We believe that the Justice Committee must give due consideration to the arguments on both sides and the necessity or otherwise of additional safeguards should abolition be agreed to, and indeed to whether the definition of corroboration could be widened to take account of some of the issues, as Margaret Mitchell implied.

The Parliament should not make the decision today, and I therefore move amendment S4M-07791.2, in the name of my colleague Graeme Pearson, to leave out from “overwhelming opposition” to end and insert:

“opposition to this proposal from parts of the legal profession; believes, however, that the proposal to abolish corroboration is supported by many organisations representing the victims of crime, in particular sexual crimes, domestic violence and human trafficking, and by Police Scotland; further notes that the stage one consideration of the Criminal Justice (Scotland) Bill by the Justice Committee began this week, and believes that scrutiny of the bill should be allowed to proceed to allow full consideration of the arguments for and against the abolition of corroboration prior to any decision being taken regarding whether the Scottish Government’s proposals to abolish corroboration should proceed.”

The Deputy Presiding Officer:

We move to the open debate. We are extraordinarily tight for time. Members have up to four minutes.

Photo of Sandra White Sandra White Scottish National Party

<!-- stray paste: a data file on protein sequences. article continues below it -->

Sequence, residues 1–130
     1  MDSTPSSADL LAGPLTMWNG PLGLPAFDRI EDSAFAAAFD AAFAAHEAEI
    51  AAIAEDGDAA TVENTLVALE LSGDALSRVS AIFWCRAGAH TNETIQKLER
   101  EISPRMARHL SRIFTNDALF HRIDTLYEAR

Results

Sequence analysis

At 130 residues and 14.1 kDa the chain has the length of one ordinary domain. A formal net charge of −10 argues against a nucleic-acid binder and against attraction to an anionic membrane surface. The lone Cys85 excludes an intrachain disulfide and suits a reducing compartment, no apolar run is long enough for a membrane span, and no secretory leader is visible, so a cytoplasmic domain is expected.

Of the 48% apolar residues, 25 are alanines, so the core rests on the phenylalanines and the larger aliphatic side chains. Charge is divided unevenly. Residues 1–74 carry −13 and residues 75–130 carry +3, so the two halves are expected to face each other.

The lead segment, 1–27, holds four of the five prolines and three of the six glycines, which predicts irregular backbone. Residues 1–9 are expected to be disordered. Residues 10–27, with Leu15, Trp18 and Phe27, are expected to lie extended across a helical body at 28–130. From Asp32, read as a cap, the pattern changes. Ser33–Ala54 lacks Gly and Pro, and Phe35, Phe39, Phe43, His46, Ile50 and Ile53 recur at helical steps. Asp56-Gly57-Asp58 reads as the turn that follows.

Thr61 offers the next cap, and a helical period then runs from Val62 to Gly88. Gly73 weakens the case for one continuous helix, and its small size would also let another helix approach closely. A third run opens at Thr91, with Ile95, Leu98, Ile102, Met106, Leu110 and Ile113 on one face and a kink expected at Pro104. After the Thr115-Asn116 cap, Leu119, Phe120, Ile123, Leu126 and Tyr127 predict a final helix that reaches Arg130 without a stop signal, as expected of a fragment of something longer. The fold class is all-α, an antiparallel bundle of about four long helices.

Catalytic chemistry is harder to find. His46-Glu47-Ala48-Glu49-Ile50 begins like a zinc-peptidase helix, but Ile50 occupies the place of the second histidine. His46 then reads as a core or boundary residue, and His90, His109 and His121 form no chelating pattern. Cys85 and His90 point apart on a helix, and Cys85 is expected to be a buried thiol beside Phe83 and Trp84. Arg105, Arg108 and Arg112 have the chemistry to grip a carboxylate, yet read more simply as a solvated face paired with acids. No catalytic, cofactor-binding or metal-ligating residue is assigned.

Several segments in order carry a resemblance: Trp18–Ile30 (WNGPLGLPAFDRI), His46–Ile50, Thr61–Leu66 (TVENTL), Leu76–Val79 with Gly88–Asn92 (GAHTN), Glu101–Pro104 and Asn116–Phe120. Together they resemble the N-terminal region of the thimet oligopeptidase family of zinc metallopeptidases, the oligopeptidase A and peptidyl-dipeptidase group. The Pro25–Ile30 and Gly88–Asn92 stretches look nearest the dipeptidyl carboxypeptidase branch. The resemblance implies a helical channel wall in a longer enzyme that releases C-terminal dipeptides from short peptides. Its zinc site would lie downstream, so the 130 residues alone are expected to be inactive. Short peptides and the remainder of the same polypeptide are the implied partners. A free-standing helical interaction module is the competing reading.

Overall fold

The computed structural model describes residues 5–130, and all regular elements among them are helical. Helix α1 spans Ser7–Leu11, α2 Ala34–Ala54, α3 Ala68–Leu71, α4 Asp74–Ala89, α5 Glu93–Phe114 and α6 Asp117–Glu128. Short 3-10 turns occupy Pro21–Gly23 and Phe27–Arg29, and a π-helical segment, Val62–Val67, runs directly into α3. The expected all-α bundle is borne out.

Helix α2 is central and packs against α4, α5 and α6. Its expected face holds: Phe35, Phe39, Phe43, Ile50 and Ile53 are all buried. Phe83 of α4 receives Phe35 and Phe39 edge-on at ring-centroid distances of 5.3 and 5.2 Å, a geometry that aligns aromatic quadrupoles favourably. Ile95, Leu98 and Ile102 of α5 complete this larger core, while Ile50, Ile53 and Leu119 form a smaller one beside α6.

I will try to be as quick as possible, Presiding Officer. Margaret Mitchell said that we should not be looking at corroboration within the Criminal Justice (Scotland) Bill. I know that she has just become a member of the Justice Committee, but if she goes to page 5 of a recent committee paper she will see that it states:

“the Committee noted an underlying consensus; that the corroboration rule should not be seen as sacrosanct, and that it was legitimate to re-investigate from first principles whether it continues to serve a useful purpose in 21st century ... criminal law. The Committee agrees.”

Margaret Mitchell should look at that part of it.

Photo of Sandra White Sandra White Scottish National Party

I am sorry. I have not even got four minutes.

I want to go back to the basics. I must say that the behaviour of some committee members yesterday perhaps raises more questions than does what the witness said. I asked Lord Carloway about corroboration and he said that corroboration is “not widely understood” by the public, the courts or the judiciary, which was interesting.

As I said to Lord Carloway, I am not a member of the judiciary or the legal profession but I represent constituents, and we should consider corroboration holistically rather than on its own, given that the issue has come up in the context of the Criminal Justice (Scotland) Bill.

Margaret Mitchell’s motion has lost sight of that and puts the cart before the horse. Elaine Murray, in her excellent and fair speech, pointed out that although the committee is debating many issues as part of stage 1 consideration of the bill, the Parliament has been presented with a motion on corroboration to consider in a very short debate. If the issue is so important, we should give it more time.